Personal finance expert Suze Orman had some valuable tips and information to share with us about preventing identity theft online.
In light of several recent identity theft cases with big stores like Target and Neiman Marcus, Suze insists on taking precautionary measures against identity theft. She says most of these online identity theft situations are associated with debit card accounts.
“Every time you use that debit card, they take money out of your account. It's attached to either a checking or savings account, so be careful,” Suze cautions.
Suze recommends not having your entire life savings in the account associated with your debit card, as this could potentially cause massive financial damage if the card was ever lost or stolen. She gave us the following tips as precautionary measures against online identity theft:
First, divide and scatter smaller amounts of your money across multiple accounts rather than storing all of your earnings in one large account. This way, if money is stolen from one account, you have several backup sources.
Also, Suze recommends changing your PIN at least every other month and any pass codes associated with your debit card at least once monthly.
Get one on one financial advice from Suze here.
For more advice on managing your money, see Suze's personal finance tips:
It may seem like your 401K is building slowly, but if you take the right steps, you’ll be set for retirement. If you work for a company that matches your 401K contributions, invest up to the max. To invest even more, open up a Roth IRA and invest up to the max. Just be patient and your investments will grow over time.
If you’re a saver and your spouse is a spender, it’s time to sit down and have a serious talk. In a marriage, this can lead to arguments and even divorce. Create a calm environment in which to speak and be sure to have a discussion with your spouse, instead of at them.
If you’re scared to move or invest your money, leave the majority somewhere safe, like a money market fund, a savings account or a CD. Make sure all of your debt is paid off and little by little, put some of your money in an exchange-traded fund. This way, you can test the waters and get a feeling for how investment works without risking too much.
After the economy took a hit, lenders became stricter about giving out mortgages to those who were not qualified. So, generally, you don’t have to worry about taking out a mortgage you can’t handle. Go for a 15 or 30 year mortgage, and make sure you have enough money to put down at least 20%.
If you don’t qualify for a credit card, you can still build your credit. Start by getting a secured card at a bank or a credit union and use the card responsibly. Eventually, you’ll be able to obtain a credit card or another form of credit.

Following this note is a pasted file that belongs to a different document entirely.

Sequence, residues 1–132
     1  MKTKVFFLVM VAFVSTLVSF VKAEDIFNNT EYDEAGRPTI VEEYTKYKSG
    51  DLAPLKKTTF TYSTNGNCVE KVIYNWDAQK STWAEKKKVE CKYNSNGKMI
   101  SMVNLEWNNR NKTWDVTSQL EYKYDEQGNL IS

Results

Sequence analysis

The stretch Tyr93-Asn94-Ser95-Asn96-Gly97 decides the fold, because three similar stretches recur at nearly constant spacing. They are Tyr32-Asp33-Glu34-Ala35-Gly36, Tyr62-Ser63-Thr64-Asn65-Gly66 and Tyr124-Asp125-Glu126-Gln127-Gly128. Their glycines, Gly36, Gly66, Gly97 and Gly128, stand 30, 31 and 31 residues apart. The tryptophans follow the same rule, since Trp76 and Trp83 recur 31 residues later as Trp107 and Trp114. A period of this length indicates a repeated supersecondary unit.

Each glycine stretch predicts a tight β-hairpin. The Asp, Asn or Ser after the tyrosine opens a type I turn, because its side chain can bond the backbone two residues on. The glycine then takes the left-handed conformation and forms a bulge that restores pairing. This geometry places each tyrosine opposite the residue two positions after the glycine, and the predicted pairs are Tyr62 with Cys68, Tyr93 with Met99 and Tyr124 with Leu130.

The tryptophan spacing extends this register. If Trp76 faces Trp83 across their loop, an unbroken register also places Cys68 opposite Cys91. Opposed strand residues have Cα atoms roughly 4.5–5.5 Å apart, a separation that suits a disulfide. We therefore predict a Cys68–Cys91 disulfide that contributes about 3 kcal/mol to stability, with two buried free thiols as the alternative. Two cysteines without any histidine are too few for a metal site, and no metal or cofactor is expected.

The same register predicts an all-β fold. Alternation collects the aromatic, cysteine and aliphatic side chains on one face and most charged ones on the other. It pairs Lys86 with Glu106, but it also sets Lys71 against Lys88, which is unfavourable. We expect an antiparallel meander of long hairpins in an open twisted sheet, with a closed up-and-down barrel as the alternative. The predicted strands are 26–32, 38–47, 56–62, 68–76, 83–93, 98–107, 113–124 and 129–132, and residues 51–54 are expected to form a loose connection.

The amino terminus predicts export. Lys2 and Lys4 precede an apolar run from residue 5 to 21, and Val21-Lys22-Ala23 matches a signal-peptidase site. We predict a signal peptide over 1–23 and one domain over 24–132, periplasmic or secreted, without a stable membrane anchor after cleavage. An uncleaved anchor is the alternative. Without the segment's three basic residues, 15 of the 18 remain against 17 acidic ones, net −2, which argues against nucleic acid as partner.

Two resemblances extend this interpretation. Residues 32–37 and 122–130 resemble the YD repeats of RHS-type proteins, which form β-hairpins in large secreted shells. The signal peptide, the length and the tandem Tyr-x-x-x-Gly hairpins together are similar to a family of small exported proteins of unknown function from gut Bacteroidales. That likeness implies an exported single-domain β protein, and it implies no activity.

It’s important to know your options when it comes to paying off student loan debt. FinAid.org is a fabulous resource with calculators and other resources to help you figure out the best repayment method for you. Beware of income-based repayment plans, as you can only pay back 10% of your income, and after 20 years the loan is forgiven, but you will still owe federal income tax on the original amount when all is said and done.
If all of your debt is paid off, you should put your money in stocks that have a secure dividend. This means that you’ll receive a payment from the investment every three months.
Budgets are like diets – you deprive yourself and lose 20 pounds, and then you wind up gorging and regaining 30. Instead of going on a budget, be in control of your money. Don’t cut back on everything. Cut back on the frequency of things like getting coffee at Starbucks or going to the movies every week. Start little by little and take notes on where your money is going. Use the Expense Estimator on SuzeOrman.com to determine where you are overspending and underspending.
Every time you spend money, ask yourself, “Is this a want, or a need?” Take the money you would have spent on “wants” and put it in a savings account. When you pay in cash, save your change and put it in a jar. All of these small steps can help you save up for that big thing you really want.
People think that they’ll never die, get sick or be in a position where they can’t work. Being prepared for the future is important so that your loved ones are taken care of when you can’t take care of them. Make a will, sign up for term life insurance and be sure to appoint the right beneficiaries. Children won’t be able to access the money until they reach adulthood, so it’s best to appoint a trustworthy adult who can handle finances until the children are grown.
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